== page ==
The Ginger Pony`s flaxen mane, washed clean by last night`s rain.

Young nettles emerge on the muck heap in the field.

The first dandelion flower of spring.

Sunlit moss and lichen on tree bark.

Out in the lane, heart shaped leaves of violets are showing on the ditch bank.

Wood sorrel , its leaves like those of clover, emerges from leaf mould on the bank.

A quiet, mild day of growth in the warming soil. A day when the air smells of new green foliage and wet earth, of spring. After a long and barren winter, a day of hope and possibilities.

Friday, 19 March 2010

A March Afternoon at Tintagel

On a bright, cold Sunday in early March, we drove the eighteen miles or so from Launceston, up to the North Atlantic Coast of Cornwall. The village of Tintagel lies at the head of a narrow valley where a fast running stream rushes down to the sea. There has been a settlement here at least since Roman times, as the rocky headland gives a fine vantage point out to sea, while the sheltered cove and beach would have offered a safe haven for seagoing ships.

Tintagel has been associated for centuries with the legend of King Arthur. It was here that he was said to have been born. The Victorian poet, Alfred, Lord Tennyson, renewed interest in this legendary past when he wrote and published his "Idylls of the King". It is also said to be the setting for the tragic love story of Tristan and Isolde.

Today, there are the ruins of a fine 13th century castle on the clifftop of a rocky island at Tintagel cove. According to the English Heritage website, this medieval castle was built as the residence of Richard, Earl of Cornwall.

We had only a short time in Tintagel, so we decided to leave a castle visit for another occasion.
We began our afternoon with a light lunch at an ancient village inn, parts of which are four hundred years old. The barmaid told us that the inn is haunted. The room now used as a residents` lounge was once the village jail. There are marks in the floor where the bars of the jail were fixed.
A collection of ale measuring jugs hangs in the dining room of the inn. The jugs carry the name of a brewery and would have been used to measure out beer at the bars of inns and hotels across the land.
The building jutting out to the right is the site of the old village jail.

Looking up Tintagel`s main village road.

The Womens Institute (WI) hall. A meeting place for the village community.

Next to the WI Hall is the Old Post Office, which can be visited during the summer months. A Victorian post box is set into the wall.

Another village inn. The village shops now seem mostly to be gift shops for tourists.Their theme is very "Arthurian" !
As we started on our walk down to the sea, we noticed that crows had started to build a nest.

The stream that rushes down the "Vale of Avalon" towards the sea.

Rocky outcrops, and at last, a glimpse of blue water.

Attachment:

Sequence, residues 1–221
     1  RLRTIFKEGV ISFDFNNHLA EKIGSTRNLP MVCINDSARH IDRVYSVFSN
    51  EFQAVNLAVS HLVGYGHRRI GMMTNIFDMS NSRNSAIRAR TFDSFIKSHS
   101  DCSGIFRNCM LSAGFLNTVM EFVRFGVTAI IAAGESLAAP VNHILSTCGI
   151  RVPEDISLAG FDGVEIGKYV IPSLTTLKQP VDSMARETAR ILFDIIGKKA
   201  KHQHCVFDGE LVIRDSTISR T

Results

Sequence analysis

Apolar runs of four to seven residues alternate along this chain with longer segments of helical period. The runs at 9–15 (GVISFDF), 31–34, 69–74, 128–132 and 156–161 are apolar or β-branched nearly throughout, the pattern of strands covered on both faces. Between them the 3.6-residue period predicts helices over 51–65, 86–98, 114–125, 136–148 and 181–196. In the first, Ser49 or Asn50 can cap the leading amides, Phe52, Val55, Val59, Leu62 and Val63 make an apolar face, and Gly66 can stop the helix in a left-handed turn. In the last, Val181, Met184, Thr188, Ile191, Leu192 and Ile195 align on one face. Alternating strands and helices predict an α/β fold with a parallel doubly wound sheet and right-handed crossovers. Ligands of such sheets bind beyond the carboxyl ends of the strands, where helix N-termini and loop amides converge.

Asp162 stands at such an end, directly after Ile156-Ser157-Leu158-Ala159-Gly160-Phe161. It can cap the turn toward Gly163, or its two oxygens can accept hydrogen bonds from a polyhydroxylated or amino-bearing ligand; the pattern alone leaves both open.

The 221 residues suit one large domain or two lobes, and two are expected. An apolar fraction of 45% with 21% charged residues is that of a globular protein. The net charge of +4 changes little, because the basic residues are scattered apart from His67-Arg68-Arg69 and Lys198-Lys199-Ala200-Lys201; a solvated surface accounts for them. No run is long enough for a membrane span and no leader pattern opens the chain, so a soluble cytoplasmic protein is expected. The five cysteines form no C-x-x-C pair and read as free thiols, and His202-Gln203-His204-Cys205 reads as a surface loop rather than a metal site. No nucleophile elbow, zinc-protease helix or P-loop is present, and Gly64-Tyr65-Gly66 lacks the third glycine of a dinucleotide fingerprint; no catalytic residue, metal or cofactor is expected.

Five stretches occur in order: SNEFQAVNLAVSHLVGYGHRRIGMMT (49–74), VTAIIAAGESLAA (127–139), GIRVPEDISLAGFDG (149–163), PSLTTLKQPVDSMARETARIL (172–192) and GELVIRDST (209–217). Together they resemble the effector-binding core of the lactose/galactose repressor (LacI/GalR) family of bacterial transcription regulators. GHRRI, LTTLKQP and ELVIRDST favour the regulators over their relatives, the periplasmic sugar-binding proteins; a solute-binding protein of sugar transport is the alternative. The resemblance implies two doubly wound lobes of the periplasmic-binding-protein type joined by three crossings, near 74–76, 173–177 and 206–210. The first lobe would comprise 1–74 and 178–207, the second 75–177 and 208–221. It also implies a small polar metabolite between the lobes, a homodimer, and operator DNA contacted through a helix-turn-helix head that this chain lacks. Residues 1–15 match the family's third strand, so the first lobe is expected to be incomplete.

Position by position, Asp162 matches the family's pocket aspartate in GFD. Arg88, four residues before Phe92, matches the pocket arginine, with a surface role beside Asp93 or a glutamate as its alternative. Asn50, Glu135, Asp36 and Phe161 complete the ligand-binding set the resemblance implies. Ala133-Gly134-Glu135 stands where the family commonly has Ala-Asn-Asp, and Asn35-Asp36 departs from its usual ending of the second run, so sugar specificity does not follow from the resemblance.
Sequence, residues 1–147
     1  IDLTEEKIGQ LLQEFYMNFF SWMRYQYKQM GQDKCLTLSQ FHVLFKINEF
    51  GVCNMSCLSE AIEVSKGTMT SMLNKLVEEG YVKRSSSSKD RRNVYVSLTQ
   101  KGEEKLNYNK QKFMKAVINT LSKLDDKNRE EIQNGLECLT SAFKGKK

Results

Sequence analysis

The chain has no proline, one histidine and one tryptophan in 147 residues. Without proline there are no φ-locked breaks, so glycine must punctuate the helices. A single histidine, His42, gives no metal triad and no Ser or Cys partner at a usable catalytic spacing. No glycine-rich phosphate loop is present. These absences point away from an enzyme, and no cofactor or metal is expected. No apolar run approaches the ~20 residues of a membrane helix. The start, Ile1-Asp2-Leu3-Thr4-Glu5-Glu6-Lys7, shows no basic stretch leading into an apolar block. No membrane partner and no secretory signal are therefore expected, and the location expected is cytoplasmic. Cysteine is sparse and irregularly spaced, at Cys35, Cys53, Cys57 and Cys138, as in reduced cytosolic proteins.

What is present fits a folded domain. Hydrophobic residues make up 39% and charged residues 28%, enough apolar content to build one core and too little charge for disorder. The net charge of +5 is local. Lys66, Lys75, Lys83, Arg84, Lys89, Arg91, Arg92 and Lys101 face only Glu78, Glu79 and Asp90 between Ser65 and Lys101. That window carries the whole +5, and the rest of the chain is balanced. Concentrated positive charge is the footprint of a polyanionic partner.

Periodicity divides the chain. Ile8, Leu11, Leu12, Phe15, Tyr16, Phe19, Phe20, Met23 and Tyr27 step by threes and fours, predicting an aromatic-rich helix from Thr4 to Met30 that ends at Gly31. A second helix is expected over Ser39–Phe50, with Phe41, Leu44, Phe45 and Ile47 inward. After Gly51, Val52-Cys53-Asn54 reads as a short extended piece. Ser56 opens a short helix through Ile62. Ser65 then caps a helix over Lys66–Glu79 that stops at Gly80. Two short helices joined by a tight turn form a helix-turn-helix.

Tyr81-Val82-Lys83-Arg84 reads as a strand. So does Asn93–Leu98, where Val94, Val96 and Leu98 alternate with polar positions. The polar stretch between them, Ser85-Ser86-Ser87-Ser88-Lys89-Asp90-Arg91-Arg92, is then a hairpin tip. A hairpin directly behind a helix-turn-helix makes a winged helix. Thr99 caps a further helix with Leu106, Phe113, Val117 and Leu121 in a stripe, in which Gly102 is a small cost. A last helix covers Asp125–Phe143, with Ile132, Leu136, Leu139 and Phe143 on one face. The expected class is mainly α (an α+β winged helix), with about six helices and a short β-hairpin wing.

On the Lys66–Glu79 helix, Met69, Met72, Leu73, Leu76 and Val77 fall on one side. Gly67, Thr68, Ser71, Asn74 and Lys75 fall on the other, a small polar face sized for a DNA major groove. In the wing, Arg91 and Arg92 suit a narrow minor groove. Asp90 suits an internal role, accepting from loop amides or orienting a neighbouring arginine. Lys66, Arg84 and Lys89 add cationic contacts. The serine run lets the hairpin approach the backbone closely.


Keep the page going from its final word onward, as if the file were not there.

The 13th century keep of the clifftop castle at Tintagel.

A downward path towards the sea. Old mining buildings have been converted to a cafe and a visitors` centre . The castle remains the property of the Duchy of Cornwall ( held byPrince Charles) but is protected and managed by English Heritage.

A herringbone patterned wall built into the cliff beside the path, presumably to prevent erosion.

The cove and a small, sheltered beach. One of the caves is known as the legendary wizard Merlin`s Cave.
The stream rushed over the cliff edge and tumbles as a waterfall, down into the sea.

The area around Tintagel has been associated with mining tin and slate since Roman times. At Tintagel Cove there are reminders of slate mining and the methods used to transport the rock down the steep cliff faces and into waiting boats.
The sheltered cove where boats would have moored as they collected slate.

The footbridge across to the rocky island where Tintagel Castle stands. Was this the legendary Isle of Avalon?

Remains of the 19th century cast iron Donkey Winch that was used to lower slate down the cliffside and into waiting boats. The winch was apparently driven by a donkey, who was blindfolded to protect him from the sight of the sheer drop below. All day long, the donkey walked in a circle to drive the winch.

Information boards tell of the artefacts found at Tintagel Cove during archaeological explorations. Pottery from the 5th and 6th centuries has been found, along with fine glass fragments which may have originated in 7th century Spain. A piece of slate, inscribed in Latin, dates from around 1500 years ago.

Too soon, it was time to leave this beautiful and fascinating place. We turned back and walked uphill, through the steeply sided peaceful valley where, despite the cold, birdsong and young green plants were showed evidence of early spring. That evening, we had to return home to Hampshire across the darkening hills of Devon and Dorset. The evening sun was behind us as we drove eastwards past Dartmoor, where the high plateau glowed pink in the sunset light.